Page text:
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How Kraft Uses Patents to Dominate the Mac and Cheese Wars

How Kraft Uses Patents to Dominate the Mac and Cheese Wars

Posted: 01/18/2013 10:45 am

The arms race is vicious and cut-throat. Competitors urgently strive to strike big-ticket deals with media companies. At the same time, their lawyers are running out and filing patents to protect multi-million dollar designs. And that is just the first step. Drafting the pieces seems simple, but in actuality borders on the impossible. All lines must intersect, and each one has a minimum viable thickness to which it must adhere. The hard pieces must be able to retain their shapes even when placed in boiling water for as long as 10 minutes, all while transforming into a soft, malleable form.

And then, these pieces of macaroni need to hold -- and taste good with -- liquefied orange goop charitably called "cheese." Welcome to the mac and cheese wars.

Every day, Kraft Foods sells one million boxes of its trademark mac and cheese in their iconic blue box. Maintaining that customer base isn't to be taken for granted, however, as after a while, children who grew up on mac and cheese age, and, in turn, stop eating it. So Kraft has to attract new mac and cheese fans -- and to do so, it relies on an ever-expanding army of creatively-shaped pieces of pasta.

Enter people like Guillermo Haro. As elucidated by this Wall Street Journal profile, Haro and his team of "pasta architects" are core to the brand's ongoing success. And it's not child's play. Haro and others are charged with developing new pasta shapes which will capture the fancy of young eaters, yes, but drawing up silly shapes hardly describes the process fairly. In over two decades of pasta-shaping, Haro has come up with 2,000 designs, of which a mere 280 have made it to consumers. At fewer than 100 designs a year with an 85 percent rejection rate, that's a lot of pasta experimentation -- and a lot of failure.

The difficulties are a mix of intellectual property pitfalls and then, design ones. On one hand, there's a team of business development professionals who look to partner with brands the children already know and love -- the Journal cites "Spongebob Squarepants" and "Phineas and Ferb" -- and enter into agreements to make pasta shaped like these characters. On the other hand, sometimes Haro and team come up with their own fun shapes, such as the U.S.-shaped pasta drawn above. If they succeed, the next step is to get the design patented, which happens more than one would expect. A search of Google's patent index shows over 2,000 or so patents involving shaped pasta. Haro and his team are responsible for 29 of them.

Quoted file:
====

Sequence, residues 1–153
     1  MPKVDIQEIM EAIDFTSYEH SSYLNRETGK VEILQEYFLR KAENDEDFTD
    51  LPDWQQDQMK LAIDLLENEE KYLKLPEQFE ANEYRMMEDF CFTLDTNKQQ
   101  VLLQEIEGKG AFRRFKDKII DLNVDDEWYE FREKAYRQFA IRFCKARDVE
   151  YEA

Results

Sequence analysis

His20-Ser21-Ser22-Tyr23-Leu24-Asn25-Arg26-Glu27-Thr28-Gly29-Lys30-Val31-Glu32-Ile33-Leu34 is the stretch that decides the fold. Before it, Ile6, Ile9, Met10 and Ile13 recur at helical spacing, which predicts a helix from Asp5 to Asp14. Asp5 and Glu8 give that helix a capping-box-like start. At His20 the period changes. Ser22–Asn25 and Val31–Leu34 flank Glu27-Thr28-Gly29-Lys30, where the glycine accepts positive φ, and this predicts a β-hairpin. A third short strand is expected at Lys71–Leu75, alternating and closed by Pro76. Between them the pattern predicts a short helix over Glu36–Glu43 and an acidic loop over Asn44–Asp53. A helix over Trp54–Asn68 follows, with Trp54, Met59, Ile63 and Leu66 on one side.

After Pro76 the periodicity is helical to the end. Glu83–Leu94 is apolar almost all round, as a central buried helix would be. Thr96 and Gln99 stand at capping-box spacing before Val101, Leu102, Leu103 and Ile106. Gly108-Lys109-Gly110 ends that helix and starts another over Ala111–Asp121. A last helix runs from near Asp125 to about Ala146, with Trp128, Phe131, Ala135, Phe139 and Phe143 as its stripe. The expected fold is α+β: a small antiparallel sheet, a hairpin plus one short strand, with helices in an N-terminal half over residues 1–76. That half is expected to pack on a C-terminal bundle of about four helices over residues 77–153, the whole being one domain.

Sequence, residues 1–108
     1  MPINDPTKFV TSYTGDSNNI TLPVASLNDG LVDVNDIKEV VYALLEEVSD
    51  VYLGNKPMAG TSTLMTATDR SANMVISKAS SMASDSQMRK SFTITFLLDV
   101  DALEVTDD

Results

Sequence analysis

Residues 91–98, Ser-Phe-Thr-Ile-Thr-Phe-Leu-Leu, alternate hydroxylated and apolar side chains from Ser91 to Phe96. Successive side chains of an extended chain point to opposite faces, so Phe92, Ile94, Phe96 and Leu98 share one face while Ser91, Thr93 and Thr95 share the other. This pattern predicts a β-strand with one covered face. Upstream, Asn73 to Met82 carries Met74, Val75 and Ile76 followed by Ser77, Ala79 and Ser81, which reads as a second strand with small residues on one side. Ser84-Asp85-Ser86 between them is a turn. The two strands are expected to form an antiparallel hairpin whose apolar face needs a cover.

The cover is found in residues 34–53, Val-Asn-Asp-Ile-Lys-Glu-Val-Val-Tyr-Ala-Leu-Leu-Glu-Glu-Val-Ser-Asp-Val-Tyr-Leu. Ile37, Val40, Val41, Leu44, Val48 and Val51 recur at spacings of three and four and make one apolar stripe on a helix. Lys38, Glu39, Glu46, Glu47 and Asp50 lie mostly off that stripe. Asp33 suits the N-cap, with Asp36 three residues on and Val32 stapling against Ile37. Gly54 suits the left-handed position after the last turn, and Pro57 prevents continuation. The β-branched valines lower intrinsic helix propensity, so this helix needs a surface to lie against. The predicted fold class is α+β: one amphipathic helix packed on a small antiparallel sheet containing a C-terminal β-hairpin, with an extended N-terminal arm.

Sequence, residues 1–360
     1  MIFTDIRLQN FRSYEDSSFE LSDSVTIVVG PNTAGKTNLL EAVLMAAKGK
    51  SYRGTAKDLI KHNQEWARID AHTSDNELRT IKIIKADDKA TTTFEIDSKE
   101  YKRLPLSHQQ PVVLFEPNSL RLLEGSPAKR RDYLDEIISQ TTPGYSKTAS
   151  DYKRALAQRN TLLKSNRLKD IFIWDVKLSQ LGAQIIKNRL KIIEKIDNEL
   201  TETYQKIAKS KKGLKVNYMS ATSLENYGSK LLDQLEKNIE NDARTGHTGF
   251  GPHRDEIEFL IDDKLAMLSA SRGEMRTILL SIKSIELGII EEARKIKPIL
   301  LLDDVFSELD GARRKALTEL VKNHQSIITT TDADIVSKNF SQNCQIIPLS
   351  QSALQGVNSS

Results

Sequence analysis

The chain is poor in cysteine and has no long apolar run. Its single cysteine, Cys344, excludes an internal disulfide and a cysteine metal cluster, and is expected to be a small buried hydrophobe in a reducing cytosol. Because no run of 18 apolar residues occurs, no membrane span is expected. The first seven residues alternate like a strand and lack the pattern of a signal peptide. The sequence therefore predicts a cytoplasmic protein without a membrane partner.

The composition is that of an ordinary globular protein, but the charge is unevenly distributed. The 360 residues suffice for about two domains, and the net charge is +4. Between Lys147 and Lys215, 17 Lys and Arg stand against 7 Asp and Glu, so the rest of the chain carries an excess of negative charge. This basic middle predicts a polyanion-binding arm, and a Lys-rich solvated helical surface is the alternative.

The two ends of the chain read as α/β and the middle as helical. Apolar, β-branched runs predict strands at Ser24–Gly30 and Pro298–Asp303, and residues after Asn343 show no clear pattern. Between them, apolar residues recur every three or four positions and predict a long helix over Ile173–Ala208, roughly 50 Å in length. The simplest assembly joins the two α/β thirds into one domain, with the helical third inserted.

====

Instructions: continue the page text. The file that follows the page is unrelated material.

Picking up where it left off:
In either case, Haro's mission is to make sure that the pasta does all the things mac and cheese pasta should do. It has to retain its shape after being boiled -- what kid wants to eat a disintegrated Spongebob or Phineas' friend, Blob? Further, the pasta has to hold onto just the right amount of whatever the cheese-like substance that orange powder is, and, of course, taste good.

If they could only do this for vegetables.

Bonus fact: The song "Yankee Doodle" speaks of a man who "stuck a feather in his cap and called it macaroni." Why would a young gentleman from the American Revolution want to pretend he had pasta in his hat? He wouldn't. "Macaroni," in that context and in mid-18th century England, referred to a man with an extremely unique sense of fashion, as seen here. Macaronis were typically high class fellows and the lyric from "Yankee Doodle" is sarcastic, poking fun at the cultural ignorance of those in the New World. (Americans would, nonetheless, reclaim the song as their own, singing it with honor.) Where'd the fashion term "macaroni" come from? Back to the noodle we go. The macaroni pasta was a favorite of young, upper-class British men who traveled to Italy, and the term came (temporarily) to mean "trendy" or "fashionable."

How far you go in life depends on your being: tender with the young, compassionate with the aged, sympathetic with the striving and tolerant of both the weak and strong.  Because someday in life you would have been one or all of these.  GeorgeWashingtonCarver

by on Jan. 18, 2013 at 1:04 PM
Replies (11-20):
by on Jan. 18, 2013 at 2:19 PM
Gluten free mac and cheese is just not the same and at 3.49 a box, I just bake some gf pasta with some Swiss and butter and bacon.
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by Sevrsaxhtharxxa on Jan. 18, 2013 at 2:23 PM
1 mom liked this

I make my own.. one of the few things I can make from scratch lol

by on Jan. 18, 2013 at 2:46 PM
1 mom liked this

Ewww.....we don't eat cheese that starts out as powder.  I make mac and cheese from is easy and fast.

by Thatwoman on Jan. 18, 2013 at 3:33 PM

Since Annie's Bunnies are WAY better, I'd call this a pile of 'who cares?'

by Silver Member on Jan. 18, 2013 at 3:42 PM

I make my own ~ powdered cheese isn't cheese, and I'm a cheese snob.

by JENN on Jan. 18, 2013 at 3:52 PM

 I think all boxed mac and cheese is nasty!! Got nothing on my homemade!

by on Jan. 18, 2013 at 4:21 PM

I have only liked mac and cheese one time in my life, and it was made by my mom, with four cheeses, sour cream, and loads of garlic.  Otherwise, meh.

by Bronze Member on Jan. 18, 2013 at 4:27 PM
My kids hate Mac and cheese. I can get by with pasta with a white cheese sauce on occasion if it has broccoli, chicken and tomatoes in it.
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by Judy on Jan. 18, 2013 at 5:16 PM

I buy the store brand, I always doctor it up and add lots of cheese anyway so it doesn't make a difference.

by Sooze on Jan. 18, 2013 at 5:21 PM

I've been making baked mac and cheese a lot lately. Yummmmmmy.

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